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Saturday, 01 July 2006

Buenos Aires - Page 2

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As a recent college graduate, I was young but broke and didn’t want to squander my meager savings. So when I decided on a solo trip to Argentina as my first post-college adventure, I was determined to make my budget stretch as far as possible.



Living on this so-called budget, cafeI was still able to enjoy luxuries like café con leche and medialunas every morning, nice dinners in decent restaurants, lots of fresh fruit, and a clean place to stay with free internet and hot water, all for well under $20 a day. Most other things like museums and public transportation cost only a few coins, and the activity I enjoyed the most, walking, was free.


The more I walked and explored Buenos Aires, the more came to realize where the real bargains were to be found, and how the things I had previously thought of as unimaginably cheap were, in fact, the inflated tourist prices.  I also came to appreciate the economic plight of many Argentines, and the inequities that made the exchange rate so convenient for me.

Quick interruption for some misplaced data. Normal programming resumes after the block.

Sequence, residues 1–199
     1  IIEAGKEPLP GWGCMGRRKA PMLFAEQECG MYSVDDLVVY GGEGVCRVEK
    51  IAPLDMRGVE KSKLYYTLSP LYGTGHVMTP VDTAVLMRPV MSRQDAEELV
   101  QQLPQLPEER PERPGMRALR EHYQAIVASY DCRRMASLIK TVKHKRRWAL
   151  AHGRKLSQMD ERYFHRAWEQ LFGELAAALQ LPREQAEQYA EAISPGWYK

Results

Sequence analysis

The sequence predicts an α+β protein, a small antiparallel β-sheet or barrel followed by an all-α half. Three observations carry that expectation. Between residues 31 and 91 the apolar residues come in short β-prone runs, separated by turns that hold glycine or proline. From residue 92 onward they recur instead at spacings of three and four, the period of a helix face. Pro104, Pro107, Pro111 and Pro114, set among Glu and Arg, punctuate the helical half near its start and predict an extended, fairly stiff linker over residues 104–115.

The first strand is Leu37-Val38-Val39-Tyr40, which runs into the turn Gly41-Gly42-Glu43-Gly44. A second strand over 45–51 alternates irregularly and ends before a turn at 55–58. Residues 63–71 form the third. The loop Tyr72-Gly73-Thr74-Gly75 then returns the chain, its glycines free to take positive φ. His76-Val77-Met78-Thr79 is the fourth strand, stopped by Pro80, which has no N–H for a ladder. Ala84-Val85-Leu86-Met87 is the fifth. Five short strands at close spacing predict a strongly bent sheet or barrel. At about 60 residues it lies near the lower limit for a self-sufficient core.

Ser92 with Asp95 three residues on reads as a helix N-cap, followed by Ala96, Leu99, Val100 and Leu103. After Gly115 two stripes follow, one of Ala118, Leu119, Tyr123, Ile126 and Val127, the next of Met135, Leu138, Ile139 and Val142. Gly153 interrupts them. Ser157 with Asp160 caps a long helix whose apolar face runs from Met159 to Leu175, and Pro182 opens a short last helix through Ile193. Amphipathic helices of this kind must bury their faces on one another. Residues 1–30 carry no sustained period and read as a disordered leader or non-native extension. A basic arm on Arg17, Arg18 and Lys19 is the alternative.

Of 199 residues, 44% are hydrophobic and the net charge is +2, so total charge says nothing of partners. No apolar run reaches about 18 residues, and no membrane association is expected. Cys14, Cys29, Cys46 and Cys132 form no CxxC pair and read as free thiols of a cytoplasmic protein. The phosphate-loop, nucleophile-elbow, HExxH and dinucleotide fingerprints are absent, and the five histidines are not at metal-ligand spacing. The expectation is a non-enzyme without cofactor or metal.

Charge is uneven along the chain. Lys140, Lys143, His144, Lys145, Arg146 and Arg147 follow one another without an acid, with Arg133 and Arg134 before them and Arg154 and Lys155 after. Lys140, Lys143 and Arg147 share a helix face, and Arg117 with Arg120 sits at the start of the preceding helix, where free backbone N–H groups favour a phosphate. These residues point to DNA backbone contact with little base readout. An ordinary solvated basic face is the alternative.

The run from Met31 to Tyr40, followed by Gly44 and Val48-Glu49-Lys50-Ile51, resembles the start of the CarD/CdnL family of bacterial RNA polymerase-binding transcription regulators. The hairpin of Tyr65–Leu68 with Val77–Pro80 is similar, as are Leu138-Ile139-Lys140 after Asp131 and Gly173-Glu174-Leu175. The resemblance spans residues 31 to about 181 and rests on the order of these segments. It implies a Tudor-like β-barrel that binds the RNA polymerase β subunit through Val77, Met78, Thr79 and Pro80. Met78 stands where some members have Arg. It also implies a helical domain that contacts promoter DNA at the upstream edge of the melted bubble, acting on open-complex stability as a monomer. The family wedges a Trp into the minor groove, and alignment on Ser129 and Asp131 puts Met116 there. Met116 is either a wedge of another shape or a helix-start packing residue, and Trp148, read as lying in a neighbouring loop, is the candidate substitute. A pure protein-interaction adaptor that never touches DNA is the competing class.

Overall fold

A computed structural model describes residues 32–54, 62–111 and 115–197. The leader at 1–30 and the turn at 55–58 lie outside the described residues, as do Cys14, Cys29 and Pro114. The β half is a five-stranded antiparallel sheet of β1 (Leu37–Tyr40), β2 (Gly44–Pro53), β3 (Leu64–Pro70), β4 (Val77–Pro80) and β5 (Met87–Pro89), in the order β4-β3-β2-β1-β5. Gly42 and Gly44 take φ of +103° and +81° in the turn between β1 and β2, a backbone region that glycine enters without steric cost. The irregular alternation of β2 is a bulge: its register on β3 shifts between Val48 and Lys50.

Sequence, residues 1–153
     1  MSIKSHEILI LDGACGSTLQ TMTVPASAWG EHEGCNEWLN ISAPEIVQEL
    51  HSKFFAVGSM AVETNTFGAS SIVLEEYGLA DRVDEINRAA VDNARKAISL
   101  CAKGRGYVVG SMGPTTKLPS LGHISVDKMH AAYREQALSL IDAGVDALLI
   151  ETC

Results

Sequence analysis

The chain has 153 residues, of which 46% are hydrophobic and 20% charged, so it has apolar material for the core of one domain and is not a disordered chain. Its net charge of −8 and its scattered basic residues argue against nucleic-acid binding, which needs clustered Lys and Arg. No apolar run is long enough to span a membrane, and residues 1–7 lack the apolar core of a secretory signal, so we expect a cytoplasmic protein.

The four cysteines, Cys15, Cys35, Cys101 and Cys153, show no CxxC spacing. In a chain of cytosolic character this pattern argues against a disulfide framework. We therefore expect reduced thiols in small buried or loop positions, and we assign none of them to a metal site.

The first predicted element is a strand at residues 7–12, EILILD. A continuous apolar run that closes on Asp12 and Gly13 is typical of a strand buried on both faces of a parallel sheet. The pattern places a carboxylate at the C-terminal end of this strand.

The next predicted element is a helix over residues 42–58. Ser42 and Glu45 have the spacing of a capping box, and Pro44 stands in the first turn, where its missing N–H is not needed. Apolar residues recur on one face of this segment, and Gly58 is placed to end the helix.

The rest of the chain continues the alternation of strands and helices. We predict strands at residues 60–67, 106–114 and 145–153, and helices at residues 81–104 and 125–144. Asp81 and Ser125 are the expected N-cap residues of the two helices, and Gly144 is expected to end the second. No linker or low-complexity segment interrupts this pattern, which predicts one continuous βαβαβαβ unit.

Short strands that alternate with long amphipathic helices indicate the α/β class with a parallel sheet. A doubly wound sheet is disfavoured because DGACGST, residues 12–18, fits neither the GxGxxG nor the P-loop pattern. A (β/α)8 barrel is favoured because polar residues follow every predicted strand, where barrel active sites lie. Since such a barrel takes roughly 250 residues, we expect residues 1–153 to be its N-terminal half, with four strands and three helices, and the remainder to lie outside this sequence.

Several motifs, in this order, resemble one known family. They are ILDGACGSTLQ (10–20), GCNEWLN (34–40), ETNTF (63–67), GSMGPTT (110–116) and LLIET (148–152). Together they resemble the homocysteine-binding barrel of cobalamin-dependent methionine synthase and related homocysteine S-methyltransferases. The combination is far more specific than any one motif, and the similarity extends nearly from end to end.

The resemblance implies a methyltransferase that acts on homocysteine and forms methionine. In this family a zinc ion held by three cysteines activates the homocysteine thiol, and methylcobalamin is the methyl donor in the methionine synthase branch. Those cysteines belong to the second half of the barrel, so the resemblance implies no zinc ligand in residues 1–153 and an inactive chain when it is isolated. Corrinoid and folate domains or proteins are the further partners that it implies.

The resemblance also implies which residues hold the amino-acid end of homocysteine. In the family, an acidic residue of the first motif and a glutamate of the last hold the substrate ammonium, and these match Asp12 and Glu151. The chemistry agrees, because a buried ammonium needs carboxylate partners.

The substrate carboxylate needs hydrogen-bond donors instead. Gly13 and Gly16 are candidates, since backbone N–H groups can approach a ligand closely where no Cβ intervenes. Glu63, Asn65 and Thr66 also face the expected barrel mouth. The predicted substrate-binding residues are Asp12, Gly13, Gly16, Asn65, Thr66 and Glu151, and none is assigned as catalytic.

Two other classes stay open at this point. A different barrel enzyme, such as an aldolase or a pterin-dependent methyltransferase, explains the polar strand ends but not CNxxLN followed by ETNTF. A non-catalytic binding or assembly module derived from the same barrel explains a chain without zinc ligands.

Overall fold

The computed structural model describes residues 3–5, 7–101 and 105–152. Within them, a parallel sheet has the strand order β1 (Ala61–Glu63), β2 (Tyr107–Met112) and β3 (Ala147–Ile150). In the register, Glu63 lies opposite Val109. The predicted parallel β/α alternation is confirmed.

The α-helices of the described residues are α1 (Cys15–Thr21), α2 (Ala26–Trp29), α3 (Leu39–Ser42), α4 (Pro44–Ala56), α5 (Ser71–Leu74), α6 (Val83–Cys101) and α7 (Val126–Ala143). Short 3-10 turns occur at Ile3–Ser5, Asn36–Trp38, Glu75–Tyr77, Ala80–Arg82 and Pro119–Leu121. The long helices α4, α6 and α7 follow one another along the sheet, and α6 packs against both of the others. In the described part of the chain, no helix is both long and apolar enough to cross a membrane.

Yet and as I began to discover the secret corners and treasures of the city, I slowly stopped converting every single price in pesos into its dollar equivalent, and stopped being surprised by its relative inexpensiveness.  I began to simply live each day to its fullest without unnecessary calculating, spending, or splurging. Living this way, I was able to stay in Buenos Aires for two months and still have enough pesos left over to bring back an entire large suitcase of gifts for friends and family.   Now, back in the United States, I gasp at the high price of a movie or a simple cup of coffee and wistfully recall my days in Buenos Aires.



©Erica Rossetto


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Last modified on Sunday, 16 December 2012

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